Looking after the health of your employees is good for business

Looking after the health of your employees is good for business

Creating a fit-for-purpose workplace

According to recent research, one in four women and one in five men in England are defined as inactive, doing less than 30 minutes of moderate physical activity each week. The cost of an unhealthy workforce to the UK taxpayer has been estimated at over £60 billion per year.

In Jersey, we’re in better shape. The last official Opinions and Lifestyle Survey tells us that half (52%) of adults reported an activity level which met or exceeded the ‘30 minutes’ recommended level.

But we can obviously still do better. Employers have a responsibility to provide safe workplaces that do not damage an employee’s health and environments that support healthier lifestyle choices.

A healthier workforce can be more productive, take less time off sick and stay in employment for longer. Greater physical activity, healthy eating and achieving a healthier weight are critical strands of wellbeing and a contributing factor for a healthier and more productive workforce.

Employers should think about supporting the health and well-being of their staff as part of their health and safety duties, not least because healthy employees drive a healthy business. Good physical health is also closely linked to good mental health. Initiatives designed to encourage physical activity and healthy eating should focus on mental health as well as physical health.

Working in partnership with employees, employers can take a positive, proactive, preventative approach to support weight management and encourage greater physical activity.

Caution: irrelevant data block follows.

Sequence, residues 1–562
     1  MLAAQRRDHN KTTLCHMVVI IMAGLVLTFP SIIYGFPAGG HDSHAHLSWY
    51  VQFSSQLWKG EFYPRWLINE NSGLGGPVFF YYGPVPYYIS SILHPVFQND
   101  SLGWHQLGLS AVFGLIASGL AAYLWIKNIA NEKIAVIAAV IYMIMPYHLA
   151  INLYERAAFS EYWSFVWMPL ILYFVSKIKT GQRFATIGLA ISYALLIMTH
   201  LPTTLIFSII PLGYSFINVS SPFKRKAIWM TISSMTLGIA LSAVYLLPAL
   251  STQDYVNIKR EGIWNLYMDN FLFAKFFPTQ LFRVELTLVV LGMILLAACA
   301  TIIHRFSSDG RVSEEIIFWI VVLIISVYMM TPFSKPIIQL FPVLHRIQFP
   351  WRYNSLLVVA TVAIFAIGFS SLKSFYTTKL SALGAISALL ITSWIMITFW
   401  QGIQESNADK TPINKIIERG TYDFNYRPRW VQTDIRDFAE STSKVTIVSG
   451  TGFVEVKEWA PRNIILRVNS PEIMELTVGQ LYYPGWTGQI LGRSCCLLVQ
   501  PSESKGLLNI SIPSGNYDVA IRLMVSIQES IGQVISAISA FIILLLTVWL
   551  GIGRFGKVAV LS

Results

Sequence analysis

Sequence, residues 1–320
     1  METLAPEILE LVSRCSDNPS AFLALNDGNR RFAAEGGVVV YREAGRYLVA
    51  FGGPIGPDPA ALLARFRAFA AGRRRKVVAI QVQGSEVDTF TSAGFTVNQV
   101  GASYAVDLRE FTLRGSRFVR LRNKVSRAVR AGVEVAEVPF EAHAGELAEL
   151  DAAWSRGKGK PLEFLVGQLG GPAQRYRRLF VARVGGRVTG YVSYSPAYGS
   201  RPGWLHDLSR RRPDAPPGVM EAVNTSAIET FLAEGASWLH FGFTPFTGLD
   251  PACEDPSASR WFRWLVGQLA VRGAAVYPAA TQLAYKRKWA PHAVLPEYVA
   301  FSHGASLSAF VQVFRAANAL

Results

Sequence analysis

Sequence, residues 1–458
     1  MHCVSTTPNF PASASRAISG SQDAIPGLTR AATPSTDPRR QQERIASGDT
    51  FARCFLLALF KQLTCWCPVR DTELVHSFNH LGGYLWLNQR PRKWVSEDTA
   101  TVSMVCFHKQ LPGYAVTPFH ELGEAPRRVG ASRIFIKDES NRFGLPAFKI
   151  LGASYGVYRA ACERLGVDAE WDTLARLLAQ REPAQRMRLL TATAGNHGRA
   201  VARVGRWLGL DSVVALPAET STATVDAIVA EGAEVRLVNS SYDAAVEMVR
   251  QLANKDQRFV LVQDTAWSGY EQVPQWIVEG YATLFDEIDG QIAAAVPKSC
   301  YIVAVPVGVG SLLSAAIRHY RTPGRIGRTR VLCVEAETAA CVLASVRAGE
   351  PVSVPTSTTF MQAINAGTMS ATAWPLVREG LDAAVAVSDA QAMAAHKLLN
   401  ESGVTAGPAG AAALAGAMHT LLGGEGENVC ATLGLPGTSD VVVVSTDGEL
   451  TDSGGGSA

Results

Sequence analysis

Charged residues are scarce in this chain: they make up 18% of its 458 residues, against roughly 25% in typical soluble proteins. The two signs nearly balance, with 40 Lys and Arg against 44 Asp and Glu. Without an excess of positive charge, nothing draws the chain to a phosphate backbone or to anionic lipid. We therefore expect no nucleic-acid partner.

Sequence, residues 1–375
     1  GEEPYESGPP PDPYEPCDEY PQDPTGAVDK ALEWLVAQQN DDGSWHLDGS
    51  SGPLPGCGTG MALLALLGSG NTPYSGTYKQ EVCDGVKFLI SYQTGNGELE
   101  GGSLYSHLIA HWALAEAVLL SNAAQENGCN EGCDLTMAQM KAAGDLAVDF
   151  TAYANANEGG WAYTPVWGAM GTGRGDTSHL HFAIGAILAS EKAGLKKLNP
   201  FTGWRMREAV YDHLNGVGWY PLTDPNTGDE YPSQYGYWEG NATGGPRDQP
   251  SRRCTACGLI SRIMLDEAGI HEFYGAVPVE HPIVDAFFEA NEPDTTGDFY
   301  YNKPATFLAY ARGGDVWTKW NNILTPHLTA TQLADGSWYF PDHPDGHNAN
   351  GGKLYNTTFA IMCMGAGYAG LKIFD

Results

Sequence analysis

Encourage your staff to move

Offer opportunities, such as car-sharing or a cycle-to-work day, or hold outdoor meetings which involve a walk, or encourage staff to have lunch away from their desks. Offering flexible working hours can enable staff to exercise before and after work. It is important to have line managers on board when implementing, in order to encourage others to get moving and lead by example.

Support healthy eating

A well-balanced diet helps us to stay healthy and perform well at work. We are all more likely to change our habits if we are aware of the benefits. Conduct a questionnaire on what staff want and tailor a plan around this. If you offer food or drink in the office, such as through vending machines or a canteen, ensure there are healthy options available at all times, such as water or fruit delivered to the office for people to eat as a healthy alternative.

Create a clean workspace

Generally, people work better when they are less cluttered. Ensure staff have the work space they need, with monitors at the correct height and a supportive comfortable chair. Employees should be able to adjust their own chairs, monitor (brightness/font size). This should be checked when you carry out workstation assessments. Encourage hot desking and bring people together who may not normally work with one another. This can encourage new ideas, ways of working and help people feel more positive.

Create a mentally healthy office

It is imperative to look after your employees’ mental as well as physical health. For more information, why not read our previous blog here or contact us to find out more about mental health in the workplace courses we run.

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